G. E. Moore was a central figure in twentieth-century philosophy. Along with Russell and Wittgenstein, he pioneered analytic philosophy, and his Principia Ethica shaped the contours of twentieth-century ethics. Indeed, until the publication of Rawls's A Theory of Justice, no single book in moral philosophy was to equal Principia's influence. Unfortunately, however, Principia Ethica has so dominated critical discussions of Moore's work that even experts on his moral philosophy have tended to ignore his Ethics, which he published eight years later. But Ethics is Moore's only other book on moral philosophy, and one of only a handful of post-Principia publications dealing with ethics. Its detailed discussions of utilitarianism, free will, and the objectivity of moral judgements find no real counterpart in Principia while its account of right and wrong and of the nature of intrinsic value deepen our understanding of his moral philosophy. The republication of Ethics thus rounds out our understanding of Moore's ethical thought. But the book's value goes beyond its historical or scholarly interest.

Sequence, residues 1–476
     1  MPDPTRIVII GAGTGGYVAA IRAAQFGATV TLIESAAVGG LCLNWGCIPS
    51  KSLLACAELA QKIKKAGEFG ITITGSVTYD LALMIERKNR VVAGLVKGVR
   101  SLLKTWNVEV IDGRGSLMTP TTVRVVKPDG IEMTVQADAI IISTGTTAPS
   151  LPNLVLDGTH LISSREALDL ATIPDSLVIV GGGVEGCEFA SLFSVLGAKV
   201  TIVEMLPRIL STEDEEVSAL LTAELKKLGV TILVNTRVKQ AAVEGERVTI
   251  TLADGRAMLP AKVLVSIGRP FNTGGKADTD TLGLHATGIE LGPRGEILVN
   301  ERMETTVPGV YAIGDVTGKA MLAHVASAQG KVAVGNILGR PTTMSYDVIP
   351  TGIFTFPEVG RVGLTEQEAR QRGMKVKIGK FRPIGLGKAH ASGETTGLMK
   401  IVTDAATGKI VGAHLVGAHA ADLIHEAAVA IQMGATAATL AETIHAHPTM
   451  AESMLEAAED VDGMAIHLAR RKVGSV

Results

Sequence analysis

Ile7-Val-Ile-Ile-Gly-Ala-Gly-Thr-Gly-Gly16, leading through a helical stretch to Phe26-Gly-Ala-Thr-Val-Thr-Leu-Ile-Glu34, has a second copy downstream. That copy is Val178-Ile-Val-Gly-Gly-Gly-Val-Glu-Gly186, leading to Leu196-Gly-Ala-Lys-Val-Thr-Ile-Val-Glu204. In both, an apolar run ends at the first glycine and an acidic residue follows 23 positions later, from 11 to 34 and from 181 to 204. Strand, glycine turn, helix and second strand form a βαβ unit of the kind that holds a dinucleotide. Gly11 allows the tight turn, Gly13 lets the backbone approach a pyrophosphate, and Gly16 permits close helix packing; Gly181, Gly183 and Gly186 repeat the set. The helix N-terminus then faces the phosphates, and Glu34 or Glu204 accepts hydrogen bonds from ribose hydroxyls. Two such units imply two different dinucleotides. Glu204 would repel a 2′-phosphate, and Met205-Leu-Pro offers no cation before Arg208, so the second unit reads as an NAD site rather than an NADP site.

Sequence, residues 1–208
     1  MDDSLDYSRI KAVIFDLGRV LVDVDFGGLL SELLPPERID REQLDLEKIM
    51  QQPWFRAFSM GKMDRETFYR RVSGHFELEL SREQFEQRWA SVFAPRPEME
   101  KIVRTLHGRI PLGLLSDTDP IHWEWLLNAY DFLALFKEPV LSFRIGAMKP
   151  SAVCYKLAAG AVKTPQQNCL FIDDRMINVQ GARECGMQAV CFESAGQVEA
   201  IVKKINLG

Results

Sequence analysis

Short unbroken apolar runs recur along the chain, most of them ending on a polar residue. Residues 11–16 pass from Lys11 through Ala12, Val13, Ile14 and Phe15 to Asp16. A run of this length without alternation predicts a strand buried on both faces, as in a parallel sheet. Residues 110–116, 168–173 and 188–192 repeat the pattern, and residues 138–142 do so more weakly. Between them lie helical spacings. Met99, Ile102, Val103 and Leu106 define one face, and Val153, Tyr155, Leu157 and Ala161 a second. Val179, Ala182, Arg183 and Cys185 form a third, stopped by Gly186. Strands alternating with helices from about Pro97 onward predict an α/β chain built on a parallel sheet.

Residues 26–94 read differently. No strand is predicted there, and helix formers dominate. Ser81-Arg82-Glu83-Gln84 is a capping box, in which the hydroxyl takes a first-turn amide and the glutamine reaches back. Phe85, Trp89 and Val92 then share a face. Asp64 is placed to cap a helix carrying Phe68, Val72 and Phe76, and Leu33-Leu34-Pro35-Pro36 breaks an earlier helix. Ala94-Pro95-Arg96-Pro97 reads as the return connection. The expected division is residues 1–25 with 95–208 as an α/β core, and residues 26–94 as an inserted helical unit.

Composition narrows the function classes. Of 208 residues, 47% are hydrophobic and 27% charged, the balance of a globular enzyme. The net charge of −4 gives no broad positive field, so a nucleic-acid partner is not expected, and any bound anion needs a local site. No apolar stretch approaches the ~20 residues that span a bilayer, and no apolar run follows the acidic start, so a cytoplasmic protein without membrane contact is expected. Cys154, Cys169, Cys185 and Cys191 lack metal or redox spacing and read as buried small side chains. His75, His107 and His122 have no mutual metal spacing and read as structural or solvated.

A short but philosophically rich text, Ethics stands independent of Principia and repays careful study in its own right. By raising a number of fundamental questions in ethics, questions that remain live today, by proffering clear, credible, and often innovative answers to them, and by doing so with a philosophical skill that is still impressive, Moore's short book is a minor classic. Almost a century after its original publication, it still amply rewards those who read it. This new edition of Moore's Ethics includes his essay 'The Nature of Moral Philosophy' as well as editorial notes, an introduction, and a guide to further reading.